John the baptizer appeared in the wilderness, proclaiming a baptism of repentance for the forgiveness of sins. And people from the whole Judean countryside and all the people of Jerusalem were going out to him, and were baptized by him in the river Jordan, confessing their sins. —Mark 1:4-5
The Jordan River, where John was baptizing, was an eight-hour walk through the desert from Jerusalem. Yet Mark tells us that many from Jerusalem made the trek to hear John preach and to be immersed by him in the Jordan. Why did they walk eight hours, some more, to answer John’s call to repent?
John dressed in the garments of a prophet. He spoke powerfully. People came believing God had sent this man, and that his message was from God. He called the people to repent and to be baptized for the forgiveness of their sins. What John offered at the Jordan was God’s forgiveness and a chance to begin anew. Which of us don’t long for this at times?
She was in her thirties and had lived a hard life. She had begun attending our church, yearning for a new beginning. Having never been baptized, I spoke with her about the meaning of this act. In my tribe (Methodists) baptism has a kaleidoscope of meanings. Among these, it is a dramatic sign of God’s grace and mercy – his willingness to wash us and make us new. It is an outward sign of God’s forgiveness.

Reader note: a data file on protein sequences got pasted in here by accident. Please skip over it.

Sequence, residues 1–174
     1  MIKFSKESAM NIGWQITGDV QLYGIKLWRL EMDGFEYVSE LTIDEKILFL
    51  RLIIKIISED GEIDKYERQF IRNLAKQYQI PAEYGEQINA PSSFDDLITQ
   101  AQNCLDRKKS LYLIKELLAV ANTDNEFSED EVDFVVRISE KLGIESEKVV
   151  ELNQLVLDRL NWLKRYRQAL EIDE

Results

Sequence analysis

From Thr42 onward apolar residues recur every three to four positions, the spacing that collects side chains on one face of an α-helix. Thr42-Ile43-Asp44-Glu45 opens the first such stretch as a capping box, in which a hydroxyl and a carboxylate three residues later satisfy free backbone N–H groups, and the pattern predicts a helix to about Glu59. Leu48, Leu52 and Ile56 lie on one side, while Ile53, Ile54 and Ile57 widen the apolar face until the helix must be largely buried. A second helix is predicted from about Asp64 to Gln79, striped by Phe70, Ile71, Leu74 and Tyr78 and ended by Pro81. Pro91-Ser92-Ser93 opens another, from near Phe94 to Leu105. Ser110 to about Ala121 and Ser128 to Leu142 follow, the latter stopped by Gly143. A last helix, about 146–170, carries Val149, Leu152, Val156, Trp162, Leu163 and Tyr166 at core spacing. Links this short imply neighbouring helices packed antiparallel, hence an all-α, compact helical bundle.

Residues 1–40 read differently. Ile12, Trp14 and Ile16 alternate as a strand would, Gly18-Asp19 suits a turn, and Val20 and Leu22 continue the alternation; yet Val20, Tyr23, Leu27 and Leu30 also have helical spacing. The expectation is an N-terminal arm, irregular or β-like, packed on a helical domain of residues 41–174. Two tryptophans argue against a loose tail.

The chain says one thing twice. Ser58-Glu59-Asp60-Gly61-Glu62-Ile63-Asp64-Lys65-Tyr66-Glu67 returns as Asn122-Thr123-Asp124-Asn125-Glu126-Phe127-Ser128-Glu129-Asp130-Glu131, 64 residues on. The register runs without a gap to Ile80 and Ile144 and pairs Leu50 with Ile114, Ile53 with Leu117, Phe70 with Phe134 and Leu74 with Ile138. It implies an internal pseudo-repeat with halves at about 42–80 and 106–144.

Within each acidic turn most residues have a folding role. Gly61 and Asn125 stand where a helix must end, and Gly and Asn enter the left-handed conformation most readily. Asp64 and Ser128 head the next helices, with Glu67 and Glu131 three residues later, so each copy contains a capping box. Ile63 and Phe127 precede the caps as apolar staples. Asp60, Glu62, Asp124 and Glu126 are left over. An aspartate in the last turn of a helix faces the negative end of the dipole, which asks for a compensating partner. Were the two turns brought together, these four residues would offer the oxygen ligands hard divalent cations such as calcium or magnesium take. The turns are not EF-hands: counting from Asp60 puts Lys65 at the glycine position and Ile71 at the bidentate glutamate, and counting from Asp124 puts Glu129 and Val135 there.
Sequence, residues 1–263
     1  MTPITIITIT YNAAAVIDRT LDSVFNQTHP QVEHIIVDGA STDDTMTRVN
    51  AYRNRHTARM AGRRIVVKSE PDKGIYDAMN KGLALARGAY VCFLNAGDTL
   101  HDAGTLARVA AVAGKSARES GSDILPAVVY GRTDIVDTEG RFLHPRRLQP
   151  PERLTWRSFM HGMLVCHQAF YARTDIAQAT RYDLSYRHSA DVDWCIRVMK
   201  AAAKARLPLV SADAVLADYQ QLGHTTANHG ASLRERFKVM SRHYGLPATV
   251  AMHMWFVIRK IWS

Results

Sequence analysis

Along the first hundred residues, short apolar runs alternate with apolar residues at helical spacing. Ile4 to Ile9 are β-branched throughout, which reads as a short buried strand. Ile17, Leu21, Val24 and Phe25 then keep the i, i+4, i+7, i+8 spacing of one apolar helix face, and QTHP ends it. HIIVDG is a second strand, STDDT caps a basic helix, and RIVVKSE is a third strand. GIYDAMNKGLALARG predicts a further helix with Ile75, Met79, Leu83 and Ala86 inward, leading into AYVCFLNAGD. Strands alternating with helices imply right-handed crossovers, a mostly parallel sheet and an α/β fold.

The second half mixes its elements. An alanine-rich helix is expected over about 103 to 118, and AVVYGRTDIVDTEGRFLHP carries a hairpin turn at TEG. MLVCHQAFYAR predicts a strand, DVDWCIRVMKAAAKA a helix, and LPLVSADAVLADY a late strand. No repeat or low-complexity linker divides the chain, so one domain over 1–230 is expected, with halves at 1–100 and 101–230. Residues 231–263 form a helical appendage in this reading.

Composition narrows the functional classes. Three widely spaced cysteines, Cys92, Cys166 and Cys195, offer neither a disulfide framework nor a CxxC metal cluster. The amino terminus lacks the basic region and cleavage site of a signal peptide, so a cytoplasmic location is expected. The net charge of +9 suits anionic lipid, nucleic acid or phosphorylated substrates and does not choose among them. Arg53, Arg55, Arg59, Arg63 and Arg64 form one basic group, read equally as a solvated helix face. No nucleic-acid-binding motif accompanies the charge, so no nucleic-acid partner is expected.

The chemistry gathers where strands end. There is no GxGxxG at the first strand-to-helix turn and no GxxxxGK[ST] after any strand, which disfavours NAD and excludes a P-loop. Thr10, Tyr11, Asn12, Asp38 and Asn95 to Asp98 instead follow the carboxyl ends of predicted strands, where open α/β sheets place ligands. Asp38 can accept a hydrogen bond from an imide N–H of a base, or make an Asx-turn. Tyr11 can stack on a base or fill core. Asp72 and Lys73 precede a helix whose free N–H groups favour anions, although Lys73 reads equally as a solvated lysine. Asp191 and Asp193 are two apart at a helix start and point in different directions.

As she approached the baptistery she had tears in her eyes. She asked, “Pastor Adam, does he really forgive all that I’ve done? I’ve done a lot of terrible things.” I assured her that as she came to God, repentant, he would forgive it all. And I reminded her that Christian baptism is a sign not only of God’s forgiveness for sins in the past, but a promise for forgiveness when, in the future, we stumble and need his grace. And thus, with her baptism, she began a new life.
Do you ever feel a yearning for forgiveness and a new beginning? Every morning as I step into the shower I remember my baptism and I ask God to wash me and make me new. At times I feel a profound sense of my own sin and my longing for his grace. At other times I simply know that there are ways in which I have not lived up to his calling on my life.
If you’ve yet to be baptized, speak to your pastor about this profound act of grace. If you have been baptized, remember your baptism each day as you bathe, inviting God to, once again, wash you and cover you by his grace.
Lord, in thought, word and deed, by what I have done and by what I have left undone, I have sinned against you and others. Remember the promise you made at my baptism, and wash me anew. I call upon the grace you offer us in Jesus Christ.